Sometimes I just need to rant…and this news inspired another one — “Firm Cancels Health Insurance Coverage for Girl, 17, After Celiac Disease Diagnosis” –Chicago Tribune.
People with celiac disease can be easily denied private health insurance in this country because they have a pre-existing condition, which I don’t think is right. In this case, celiac disease was considered the pre-existing condition. But the question here is which came first the celiac disease or the insurance. My personal answer is — it shouldn’t matter. Here is a quick synopsis of the article…
17-year-old Brianna Rice’s parents purchased American Community Mutual Insurance (health insurance) for their family when the parents became unemployed and COBRA was too expensive. That was last November. Fast forward to February when Brianna was diagnosed with celiac disease. Shortly thereafter the health insurance dropped Brianna and according to the article, “…also rescinded coverage all the way back to the day it started — Nov. 1.” So now the family has to pay upwards of $20,000 for her medical bills.
The insurance company doesn’t believe the Rice family was honest when they applied to get the insurance. According to the article,
“American Community…. [said] that if the Rices had given the company Brianna’s full health history when they applied for coverage, it would never have been granted.” — Chicago Tribune
The Rice family says they were completely honest with the company and any health issues (dizziness, elevated cholesterol, fatigue and coughing) she had on her record were unrelated to celiac and her bills should be covered. The parents have filed a complaint to the Illinois Department of Insurance. The state says this company is quick to rescind coverage and they’re looking into it.
Okay..I can’t help but rant a little…
1. I’m not entirely sold on the fact that those symptoms were unrelated to celiac disease. I really hope the family was honest with the insurance company. But I hate to tell you Rice Family, but most of these symptoms (dizziness, fatigue and coughing) can be traced to undiagnosed celiac. I might step away from using that as a reason. But that doesn’t excuse the fact that individually the symptoms may have been considered “no big deal” to a doctor before getting the health insurance in November.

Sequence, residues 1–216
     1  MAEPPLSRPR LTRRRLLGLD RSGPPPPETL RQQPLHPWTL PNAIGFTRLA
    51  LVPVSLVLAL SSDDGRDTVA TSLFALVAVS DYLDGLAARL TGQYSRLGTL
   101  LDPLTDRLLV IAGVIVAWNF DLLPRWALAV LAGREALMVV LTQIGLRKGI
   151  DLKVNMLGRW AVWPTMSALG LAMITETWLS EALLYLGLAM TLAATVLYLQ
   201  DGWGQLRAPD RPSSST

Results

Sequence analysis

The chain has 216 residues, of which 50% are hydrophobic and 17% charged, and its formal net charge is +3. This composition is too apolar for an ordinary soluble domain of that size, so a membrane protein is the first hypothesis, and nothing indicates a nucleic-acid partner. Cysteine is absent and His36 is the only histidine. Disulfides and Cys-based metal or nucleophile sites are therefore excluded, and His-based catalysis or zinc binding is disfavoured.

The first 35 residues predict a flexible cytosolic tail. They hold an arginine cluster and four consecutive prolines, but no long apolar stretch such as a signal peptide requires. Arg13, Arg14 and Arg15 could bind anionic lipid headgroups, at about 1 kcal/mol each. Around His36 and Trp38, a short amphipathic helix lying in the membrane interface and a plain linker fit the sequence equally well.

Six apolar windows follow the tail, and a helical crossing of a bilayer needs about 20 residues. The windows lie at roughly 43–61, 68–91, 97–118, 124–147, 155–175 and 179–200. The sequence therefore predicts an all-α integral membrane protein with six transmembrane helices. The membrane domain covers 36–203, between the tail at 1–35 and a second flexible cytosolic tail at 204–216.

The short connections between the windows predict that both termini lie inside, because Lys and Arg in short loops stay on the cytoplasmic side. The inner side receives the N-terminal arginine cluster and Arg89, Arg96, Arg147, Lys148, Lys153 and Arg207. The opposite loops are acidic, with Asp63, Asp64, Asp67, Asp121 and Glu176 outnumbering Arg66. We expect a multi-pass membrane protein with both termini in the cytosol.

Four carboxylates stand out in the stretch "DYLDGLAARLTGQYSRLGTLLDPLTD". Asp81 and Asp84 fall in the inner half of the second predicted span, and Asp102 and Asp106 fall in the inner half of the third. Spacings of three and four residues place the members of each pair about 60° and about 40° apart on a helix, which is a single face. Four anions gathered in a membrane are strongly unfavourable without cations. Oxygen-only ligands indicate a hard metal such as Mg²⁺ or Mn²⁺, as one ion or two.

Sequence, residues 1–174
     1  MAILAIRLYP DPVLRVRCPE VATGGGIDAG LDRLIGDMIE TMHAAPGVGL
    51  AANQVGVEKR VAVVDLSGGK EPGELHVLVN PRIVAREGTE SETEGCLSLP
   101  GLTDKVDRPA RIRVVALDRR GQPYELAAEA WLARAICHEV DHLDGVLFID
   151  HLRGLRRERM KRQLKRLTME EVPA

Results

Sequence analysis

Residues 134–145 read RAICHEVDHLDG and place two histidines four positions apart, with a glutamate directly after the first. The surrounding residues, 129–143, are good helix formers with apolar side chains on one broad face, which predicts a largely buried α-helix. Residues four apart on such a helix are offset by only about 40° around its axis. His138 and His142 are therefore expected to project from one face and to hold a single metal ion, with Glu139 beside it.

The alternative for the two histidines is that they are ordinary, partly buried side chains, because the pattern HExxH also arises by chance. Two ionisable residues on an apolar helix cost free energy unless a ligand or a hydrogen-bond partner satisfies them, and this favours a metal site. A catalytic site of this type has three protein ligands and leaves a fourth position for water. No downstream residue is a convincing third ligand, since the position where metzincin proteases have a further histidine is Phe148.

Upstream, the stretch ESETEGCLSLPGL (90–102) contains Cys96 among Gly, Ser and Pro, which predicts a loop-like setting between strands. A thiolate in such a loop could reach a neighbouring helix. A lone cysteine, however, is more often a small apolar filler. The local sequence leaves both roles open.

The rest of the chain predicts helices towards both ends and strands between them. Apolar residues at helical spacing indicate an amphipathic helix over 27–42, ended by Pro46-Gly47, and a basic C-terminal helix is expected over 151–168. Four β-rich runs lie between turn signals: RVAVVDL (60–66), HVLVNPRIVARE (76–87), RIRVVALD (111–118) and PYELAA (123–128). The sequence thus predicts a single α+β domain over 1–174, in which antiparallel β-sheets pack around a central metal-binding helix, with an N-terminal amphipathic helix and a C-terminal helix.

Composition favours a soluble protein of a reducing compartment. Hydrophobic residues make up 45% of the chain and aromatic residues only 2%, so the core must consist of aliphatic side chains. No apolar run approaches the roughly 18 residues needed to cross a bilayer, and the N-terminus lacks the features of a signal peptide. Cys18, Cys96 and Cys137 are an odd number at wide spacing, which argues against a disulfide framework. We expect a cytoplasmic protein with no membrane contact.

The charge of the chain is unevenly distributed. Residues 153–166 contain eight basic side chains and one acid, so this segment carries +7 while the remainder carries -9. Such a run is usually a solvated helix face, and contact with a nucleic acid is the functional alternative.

Which brings me to rant #2…
2. Doctors are slow in diagnosing celiac. It is highly possible that she had these seemingly separate symptoms before getting on the new insurance but none of their doctors put the pieces of the puzzle together until February! This happens all the time. Many doctors only treat the symptom and don’t investigate the root cause of the symptoms. How is this the Rice family’s fault?
Which brings me to rant #3…
Once the celiac diagnosis happens and the gluten-free diet begins to treat it, often the doctor visits slow down considerably. They are healthier than ever before. So why is that so difficult to insure? This is part of what I talked about in a recent post on health insurance and celiac.
And even if the Rice family settles all of this with American Community, why wouldn’t another health insurer take her on? She should be as healthy as anyone else her age as long as she stays on the diet. It reminds me of how screwed up the health care system can be — like not covering birth control, yet covering the tens of thousands of dollars it costs to have a baby.
I don’t get it…Maybe I’m not destined to get it because I’m an “includer” and “consistency” in Tom Rath’s Strengths Finder 2.0 book. Or some may think I’m gullible.
Anyway please read the article…it’s very enlightening…It may even make you rant a little.
*Note: In my research I found an article on Forbes.com about Health Insurance Scams. One is about insurance for people with “dreaded diseases”. I’m not sure if celiac falls under this category (you’d think it would based on the article above), but it might be something worth looking out for.